Poul Jorgensen passes away
Poul Jorgensen Dead at 78
Fly-tying world loses a master
Poul Jorgensen (above) was one of the world's great fly tiers.
Poul Jorgensen died November 29, 2004, in his sleep at his home in Roscoe, New York, on the banks of Willowemoc Creek. He was 78.
Perhaps the world's best-known fly tier, Jorgensen practiced fly tying daily until his death. Indicative of his philosophy, he was often heard to say, "when you feel your fly tying cannot improve, it's time to get rid of your tying stuff and take up golf."
Born and raised in Odense, Denmark, Jorgensen made his home in the United States for over 45 years. Best known for his work with Atlantic salmon flies, Jorgensen was also a talented and innovative tier of salt flies, ultra-realistic flies, bass bugs, and trout flies. He taught angling, authored books, lectured, and produced videos until his death.
In 1969 at age 44, Jorgensen left his engineering job and made fly tying his full-time profession. In 1973 he published his first book, Dressing Flies for Fresh and Salt Water. He has since authored five additional works including his famous Salmon Flies, Their Character, Style and Dressing. In 1980 on his way home to Baltimore from a fishing trip in New Hampshire he passed through Roscoe, New York, and spotted a small fishing cottage for rent. He made his home in that cottage on the banks of the Willowemoc until his death.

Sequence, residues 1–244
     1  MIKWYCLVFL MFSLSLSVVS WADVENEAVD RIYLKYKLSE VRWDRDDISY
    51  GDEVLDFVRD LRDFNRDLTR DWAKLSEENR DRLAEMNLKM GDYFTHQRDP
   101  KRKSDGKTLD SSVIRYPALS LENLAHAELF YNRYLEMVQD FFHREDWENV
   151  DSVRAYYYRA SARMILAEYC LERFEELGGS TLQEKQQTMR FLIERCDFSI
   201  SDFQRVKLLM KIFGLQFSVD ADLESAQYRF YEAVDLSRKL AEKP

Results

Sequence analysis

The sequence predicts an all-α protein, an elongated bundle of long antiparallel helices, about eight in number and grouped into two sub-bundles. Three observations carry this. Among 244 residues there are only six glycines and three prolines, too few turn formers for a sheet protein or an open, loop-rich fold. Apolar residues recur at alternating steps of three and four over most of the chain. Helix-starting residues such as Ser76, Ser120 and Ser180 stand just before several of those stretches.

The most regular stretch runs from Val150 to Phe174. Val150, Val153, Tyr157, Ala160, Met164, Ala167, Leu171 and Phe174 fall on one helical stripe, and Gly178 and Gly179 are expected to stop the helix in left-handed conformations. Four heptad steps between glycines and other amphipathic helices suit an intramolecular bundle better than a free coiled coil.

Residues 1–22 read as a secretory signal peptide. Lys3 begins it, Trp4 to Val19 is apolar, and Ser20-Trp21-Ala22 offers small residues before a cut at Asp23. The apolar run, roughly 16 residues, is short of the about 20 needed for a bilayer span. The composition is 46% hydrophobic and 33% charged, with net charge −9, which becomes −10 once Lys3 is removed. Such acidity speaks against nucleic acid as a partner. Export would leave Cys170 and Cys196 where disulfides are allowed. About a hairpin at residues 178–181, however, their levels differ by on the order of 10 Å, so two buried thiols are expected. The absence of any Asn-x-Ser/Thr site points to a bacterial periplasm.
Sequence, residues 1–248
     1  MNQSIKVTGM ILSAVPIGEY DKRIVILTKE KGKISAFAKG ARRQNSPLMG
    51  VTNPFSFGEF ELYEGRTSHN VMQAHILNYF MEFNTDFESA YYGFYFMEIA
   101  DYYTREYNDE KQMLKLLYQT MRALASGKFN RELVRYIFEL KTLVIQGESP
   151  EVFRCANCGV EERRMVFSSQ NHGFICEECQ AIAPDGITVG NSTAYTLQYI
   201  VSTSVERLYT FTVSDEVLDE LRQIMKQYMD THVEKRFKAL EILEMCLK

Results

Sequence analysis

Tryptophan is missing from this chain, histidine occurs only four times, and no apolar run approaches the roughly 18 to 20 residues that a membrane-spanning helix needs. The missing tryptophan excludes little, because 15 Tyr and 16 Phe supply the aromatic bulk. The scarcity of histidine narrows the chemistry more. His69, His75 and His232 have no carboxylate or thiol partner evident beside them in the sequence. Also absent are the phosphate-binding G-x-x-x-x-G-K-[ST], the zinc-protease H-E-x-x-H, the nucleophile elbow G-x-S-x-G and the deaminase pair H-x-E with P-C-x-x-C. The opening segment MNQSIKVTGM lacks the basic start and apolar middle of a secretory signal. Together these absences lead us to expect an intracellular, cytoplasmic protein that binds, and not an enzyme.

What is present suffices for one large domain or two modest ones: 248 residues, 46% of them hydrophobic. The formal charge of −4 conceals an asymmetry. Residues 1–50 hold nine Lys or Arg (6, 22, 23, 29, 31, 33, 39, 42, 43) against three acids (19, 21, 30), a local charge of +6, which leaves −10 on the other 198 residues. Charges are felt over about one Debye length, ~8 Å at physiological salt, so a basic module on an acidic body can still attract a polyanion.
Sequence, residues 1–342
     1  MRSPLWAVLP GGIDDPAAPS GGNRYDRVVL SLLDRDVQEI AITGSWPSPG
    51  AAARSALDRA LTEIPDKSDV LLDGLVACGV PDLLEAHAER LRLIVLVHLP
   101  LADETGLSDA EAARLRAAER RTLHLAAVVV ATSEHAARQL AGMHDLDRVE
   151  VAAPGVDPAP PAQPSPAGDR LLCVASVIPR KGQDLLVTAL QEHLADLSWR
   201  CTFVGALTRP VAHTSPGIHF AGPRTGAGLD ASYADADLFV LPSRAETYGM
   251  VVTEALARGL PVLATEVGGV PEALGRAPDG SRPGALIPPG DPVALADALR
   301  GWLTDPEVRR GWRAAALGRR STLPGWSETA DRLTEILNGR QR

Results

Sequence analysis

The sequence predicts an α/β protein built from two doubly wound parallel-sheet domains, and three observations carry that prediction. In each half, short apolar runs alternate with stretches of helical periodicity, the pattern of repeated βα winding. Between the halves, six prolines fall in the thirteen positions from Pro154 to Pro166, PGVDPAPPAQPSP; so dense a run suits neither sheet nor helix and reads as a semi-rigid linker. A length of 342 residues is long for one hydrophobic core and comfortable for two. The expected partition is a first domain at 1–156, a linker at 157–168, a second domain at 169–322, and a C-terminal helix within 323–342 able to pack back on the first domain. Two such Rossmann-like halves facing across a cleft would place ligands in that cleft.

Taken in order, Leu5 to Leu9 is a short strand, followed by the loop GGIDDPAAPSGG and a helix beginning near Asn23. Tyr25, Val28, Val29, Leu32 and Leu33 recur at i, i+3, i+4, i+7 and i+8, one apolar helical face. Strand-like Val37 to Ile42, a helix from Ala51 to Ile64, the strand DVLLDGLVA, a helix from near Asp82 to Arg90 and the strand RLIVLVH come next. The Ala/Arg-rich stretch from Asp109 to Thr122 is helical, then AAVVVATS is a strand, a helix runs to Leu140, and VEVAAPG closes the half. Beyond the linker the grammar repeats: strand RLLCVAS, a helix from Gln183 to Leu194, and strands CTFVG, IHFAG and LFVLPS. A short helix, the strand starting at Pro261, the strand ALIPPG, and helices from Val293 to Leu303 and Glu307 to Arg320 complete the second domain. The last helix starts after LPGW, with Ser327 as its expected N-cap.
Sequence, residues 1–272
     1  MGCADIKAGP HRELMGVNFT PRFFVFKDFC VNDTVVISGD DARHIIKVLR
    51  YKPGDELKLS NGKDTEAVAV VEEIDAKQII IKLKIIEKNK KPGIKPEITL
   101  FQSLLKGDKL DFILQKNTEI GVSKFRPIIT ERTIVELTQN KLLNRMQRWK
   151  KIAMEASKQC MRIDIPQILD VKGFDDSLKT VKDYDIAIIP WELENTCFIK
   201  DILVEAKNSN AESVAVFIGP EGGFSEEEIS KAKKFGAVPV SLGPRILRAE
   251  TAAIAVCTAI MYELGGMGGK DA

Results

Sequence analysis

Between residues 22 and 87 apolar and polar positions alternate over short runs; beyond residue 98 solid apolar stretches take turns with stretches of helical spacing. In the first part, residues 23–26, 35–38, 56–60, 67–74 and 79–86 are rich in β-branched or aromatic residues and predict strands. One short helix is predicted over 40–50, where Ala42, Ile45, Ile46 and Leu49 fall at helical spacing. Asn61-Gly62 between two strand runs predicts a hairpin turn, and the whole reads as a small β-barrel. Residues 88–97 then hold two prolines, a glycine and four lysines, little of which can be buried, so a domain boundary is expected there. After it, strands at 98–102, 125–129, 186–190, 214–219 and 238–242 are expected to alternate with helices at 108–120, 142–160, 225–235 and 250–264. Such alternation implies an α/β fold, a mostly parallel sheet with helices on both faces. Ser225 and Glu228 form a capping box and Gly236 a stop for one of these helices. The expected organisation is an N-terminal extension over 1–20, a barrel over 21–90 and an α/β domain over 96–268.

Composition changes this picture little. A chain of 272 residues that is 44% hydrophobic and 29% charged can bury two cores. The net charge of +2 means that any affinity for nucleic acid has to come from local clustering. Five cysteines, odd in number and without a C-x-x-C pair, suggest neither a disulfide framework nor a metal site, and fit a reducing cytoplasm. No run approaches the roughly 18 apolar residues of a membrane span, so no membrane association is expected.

Featured in numerous articles including those in the Wall Street Journal and National Geographic, Jorgensen received much acclaim and many honors during his long career, but none that he held dearer than his induction into the Hall of Fame of the Catskill Fly Fishing Center and Museum in 2001.
Dubbed "a fly tier's fly tier" Poul Jorgensen did much to enrich the sport of fly fishing and the art of fly tying. Poul once told me that fly fishing had been very kind to him and that he wanted to repay that kindness by giving back. I'd say the books have been squared and then some.
Wow - his was the first fly tying book I ever got - Sadly though I have the same last name as Poul, that is all I have in common - my flies may catch fish but you won't see them framed in a museum!!!! He will be missed!
Sad indeed... a giant among fly tyers. We'll miss him.
But his is a life that should be celebrated, the life dedicated to angling and the art of flies.
my first book too.
Yes... This was mention at the last Fly Casters dinner meeting in Boston. He was a guest speak at the club in 1975 and in 1985
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